26 January 1950 was a momentous day in history: not only did the Constitution of India, 1950 come into force, but India also became a republic – marking the first time that an independent republic was allowed to remain part of the Commonwealth of Nations.

Prior to this, former colonies, which chose to remain in the Commonwealth – such as Canada and Australia – were required to pledge allegiance to the British monarch. This monarch would then appoint a representative known as the Governor-General to perform duties on their behalf, a role which is intended to be ceremonial in nature.

The recent release of letters between Sir John Kerr, former Governor-General of Australia and the Queen’s private secretary, Martin Charteris, has brought the spotlight back to a controversial incident, which highlighted the ability of the Queen’s representative to interfere in the governance of its former colonies.

In 1975, Kerr took the unprecedented step of removing Labour politician Gough Whitlam as Prime Minister of Australia, and appointing a politician from the opposition Conservative party in his place. Although the Governor-General is constitutionally permitted to take this step, this was viewed as a violation of the unwritten principle of political neutrality – and more significantly, as an unsavory by-product of Australia’s continued allegiance to the British monarch.

Given that India too decided in favour of remaining in the British Commonwealth, it could have found itself in the same position as Australia. Why and how did India retain its membership in the Commonwealth, despite being a republic?

Jawaharlal Nehru’s Objectives Resolution of 1946, which laid down the founding principles of the Indian constitution-making process, made it clear that India would become a “sovereign independent republic” with no ties to the British Commonwealth.

Yet behind the scenes, Nehru’s attitude towards the Commonwealth slowly became more permissive. He believed that membership of the Commonwealth would bring political and economic benefits to India; in particular, it would ensure close ties with England, still its largest trading partner.

In 1949, Nehru attended the Commonwealth Prime Minister’s conference, where he advocated for India to retain her membership in the Commonwealth while remaining a republic. The motion was accepted at the Conference; the only thing left was for both governments to ratify it.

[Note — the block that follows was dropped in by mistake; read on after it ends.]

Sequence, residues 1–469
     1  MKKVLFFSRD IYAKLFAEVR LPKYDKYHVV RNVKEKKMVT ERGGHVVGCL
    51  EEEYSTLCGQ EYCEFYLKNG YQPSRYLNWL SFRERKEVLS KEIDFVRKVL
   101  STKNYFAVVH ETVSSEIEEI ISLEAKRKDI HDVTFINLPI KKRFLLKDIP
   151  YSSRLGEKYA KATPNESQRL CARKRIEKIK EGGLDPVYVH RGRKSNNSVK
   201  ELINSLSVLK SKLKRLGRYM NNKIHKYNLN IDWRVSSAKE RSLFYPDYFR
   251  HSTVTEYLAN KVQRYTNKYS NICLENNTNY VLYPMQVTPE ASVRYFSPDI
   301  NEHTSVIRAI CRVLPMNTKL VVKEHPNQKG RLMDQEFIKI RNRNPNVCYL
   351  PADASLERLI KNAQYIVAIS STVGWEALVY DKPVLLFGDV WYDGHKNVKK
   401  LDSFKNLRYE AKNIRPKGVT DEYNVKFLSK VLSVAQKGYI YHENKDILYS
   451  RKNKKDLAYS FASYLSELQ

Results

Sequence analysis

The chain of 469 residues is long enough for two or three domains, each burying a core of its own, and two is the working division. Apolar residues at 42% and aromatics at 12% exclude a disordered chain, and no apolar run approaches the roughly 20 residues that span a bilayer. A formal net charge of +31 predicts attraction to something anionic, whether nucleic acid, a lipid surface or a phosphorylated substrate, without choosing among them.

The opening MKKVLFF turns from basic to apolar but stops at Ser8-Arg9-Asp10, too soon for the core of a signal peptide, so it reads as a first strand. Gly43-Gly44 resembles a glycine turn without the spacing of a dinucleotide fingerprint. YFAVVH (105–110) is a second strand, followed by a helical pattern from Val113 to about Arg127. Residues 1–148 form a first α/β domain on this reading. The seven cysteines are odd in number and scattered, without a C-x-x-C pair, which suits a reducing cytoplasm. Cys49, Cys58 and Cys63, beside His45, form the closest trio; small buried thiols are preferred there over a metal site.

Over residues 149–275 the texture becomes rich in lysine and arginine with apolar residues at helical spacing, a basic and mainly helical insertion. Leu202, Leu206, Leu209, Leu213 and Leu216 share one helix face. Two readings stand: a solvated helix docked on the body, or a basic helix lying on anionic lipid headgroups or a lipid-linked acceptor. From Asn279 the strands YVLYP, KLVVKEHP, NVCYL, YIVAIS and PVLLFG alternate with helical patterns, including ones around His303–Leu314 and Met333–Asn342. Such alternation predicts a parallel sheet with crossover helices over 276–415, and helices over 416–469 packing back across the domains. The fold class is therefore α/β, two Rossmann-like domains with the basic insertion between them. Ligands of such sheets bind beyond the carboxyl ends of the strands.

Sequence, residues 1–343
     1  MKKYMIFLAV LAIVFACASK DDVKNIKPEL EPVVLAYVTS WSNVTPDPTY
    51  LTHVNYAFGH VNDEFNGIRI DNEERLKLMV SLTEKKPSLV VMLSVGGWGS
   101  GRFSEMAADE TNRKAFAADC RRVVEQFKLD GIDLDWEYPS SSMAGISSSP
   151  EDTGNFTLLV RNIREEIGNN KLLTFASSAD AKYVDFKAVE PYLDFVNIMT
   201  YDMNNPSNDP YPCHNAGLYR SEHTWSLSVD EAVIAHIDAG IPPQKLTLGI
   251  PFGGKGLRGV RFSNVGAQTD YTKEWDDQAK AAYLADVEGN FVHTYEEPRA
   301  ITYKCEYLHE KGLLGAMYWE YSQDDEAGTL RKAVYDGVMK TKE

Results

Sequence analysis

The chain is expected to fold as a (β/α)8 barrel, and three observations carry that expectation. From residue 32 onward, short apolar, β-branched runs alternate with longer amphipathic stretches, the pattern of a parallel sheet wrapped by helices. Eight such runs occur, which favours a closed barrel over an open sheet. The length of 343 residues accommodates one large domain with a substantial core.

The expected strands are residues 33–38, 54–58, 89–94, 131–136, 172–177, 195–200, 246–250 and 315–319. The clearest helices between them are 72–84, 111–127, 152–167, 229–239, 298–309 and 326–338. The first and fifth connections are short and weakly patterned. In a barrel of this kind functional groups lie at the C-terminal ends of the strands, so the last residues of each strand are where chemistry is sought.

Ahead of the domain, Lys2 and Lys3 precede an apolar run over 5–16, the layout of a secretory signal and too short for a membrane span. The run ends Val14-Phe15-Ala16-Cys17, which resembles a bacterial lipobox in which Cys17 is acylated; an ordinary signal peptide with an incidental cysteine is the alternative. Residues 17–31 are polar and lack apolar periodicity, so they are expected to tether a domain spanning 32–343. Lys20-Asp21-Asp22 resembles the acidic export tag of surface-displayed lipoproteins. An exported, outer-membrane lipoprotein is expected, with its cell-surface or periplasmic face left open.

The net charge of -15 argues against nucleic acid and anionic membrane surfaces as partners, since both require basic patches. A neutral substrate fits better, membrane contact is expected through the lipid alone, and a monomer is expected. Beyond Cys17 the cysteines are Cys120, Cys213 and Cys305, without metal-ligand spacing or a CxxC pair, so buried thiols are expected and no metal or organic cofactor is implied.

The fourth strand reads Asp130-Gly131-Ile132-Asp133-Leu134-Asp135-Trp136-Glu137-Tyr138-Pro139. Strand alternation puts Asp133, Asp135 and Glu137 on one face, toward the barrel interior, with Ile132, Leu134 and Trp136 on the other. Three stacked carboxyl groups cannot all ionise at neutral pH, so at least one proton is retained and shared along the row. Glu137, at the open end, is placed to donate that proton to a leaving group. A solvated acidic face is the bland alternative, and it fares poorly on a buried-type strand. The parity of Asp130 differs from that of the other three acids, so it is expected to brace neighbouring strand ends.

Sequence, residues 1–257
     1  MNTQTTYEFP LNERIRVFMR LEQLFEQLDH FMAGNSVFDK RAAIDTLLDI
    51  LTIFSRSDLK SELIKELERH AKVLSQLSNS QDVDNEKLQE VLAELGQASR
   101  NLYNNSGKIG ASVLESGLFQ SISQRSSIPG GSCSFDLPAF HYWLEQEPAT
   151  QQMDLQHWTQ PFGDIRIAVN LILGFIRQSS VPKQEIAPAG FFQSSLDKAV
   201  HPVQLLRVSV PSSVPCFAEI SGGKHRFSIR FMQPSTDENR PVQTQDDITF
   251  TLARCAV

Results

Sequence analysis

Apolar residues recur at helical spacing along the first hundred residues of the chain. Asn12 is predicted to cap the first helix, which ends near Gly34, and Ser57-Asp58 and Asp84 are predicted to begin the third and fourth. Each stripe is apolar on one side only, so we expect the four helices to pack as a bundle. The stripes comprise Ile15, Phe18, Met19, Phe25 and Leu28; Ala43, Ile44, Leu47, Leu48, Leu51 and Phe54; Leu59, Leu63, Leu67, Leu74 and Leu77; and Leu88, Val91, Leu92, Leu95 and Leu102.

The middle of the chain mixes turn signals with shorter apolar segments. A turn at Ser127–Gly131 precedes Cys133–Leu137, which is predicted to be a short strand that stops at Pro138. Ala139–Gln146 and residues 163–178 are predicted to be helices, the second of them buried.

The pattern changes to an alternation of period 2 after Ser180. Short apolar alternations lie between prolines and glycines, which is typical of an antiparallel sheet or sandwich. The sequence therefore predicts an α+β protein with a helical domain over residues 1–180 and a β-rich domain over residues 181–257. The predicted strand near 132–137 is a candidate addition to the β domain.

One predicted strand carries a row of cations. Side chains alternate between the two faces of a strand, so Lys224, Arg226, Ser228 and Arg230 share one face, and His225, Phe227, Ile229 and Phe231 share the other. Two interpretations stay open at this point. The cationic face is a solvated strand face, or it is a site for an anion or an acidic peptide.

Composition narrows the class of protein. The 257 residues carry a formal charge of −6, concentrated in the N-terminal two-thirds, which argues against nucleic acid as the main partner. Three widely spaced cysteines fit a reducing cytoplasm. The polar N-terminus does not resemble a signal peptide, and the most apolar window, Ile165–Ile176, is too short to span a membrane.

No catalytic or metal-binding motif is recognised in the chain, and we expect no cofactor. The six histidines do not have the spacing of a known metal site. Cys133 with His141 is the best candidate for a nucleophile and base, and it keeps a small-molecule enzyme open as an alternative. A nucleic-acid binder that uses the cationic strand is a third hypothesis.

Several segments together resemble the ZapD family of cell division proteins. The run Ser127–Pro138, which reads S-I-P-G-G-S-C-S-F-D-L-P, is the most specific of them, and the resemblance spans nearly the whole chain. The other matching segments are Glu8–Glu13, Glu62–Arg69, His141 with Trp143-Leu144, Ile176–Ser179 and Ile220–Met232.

There were few objections to this in Britain. Its rising tensions with Russia in the aftermath of World War II meant that a strong official relationship with India was necessary: the latter could provide a stable military base in South Asia, and was a formidable source of manpower.

However, Nehru’s proposal faced challenges back home in the Constituent Assembly. Shibban Lal Saxena argued that India would be forced to side with Britain on major issues in global politics, while H.V. Kamath was unhappy because the King of England remained the symbolic head of the group of nations, including India.

Alladi Krishnaswamy Ayyar and Frank Anthony gave persuasive speeches in favour of Nehru’s proposal, arguing that Commonwealth membership would advance India’s economic interests and provide her with military protection. Nehru assuaged Saxena’s doubts, clarifying that “so far as the Republic of India…her constitution, and her working are concerned…none of her subjects owe any allegiance to the King or any other external authority”.

India's embrace of both Commonwealth membership and republic status set a precedent for other decolonizing countries in the same time period. Although older members of the Commonwealth have continued to accept the British monarch as their Head of State, could the recent revelations in Australia be the catalyst for Commonwealth countries to review their relationship with the British Crown?

Read more:

This Month in Constitution Making (May 1949): India Decides to Remain in the Commonwealth of Nations

Blog Series (Becoming a Republic): Idea of FreedomJourney in the Constituent Assembly

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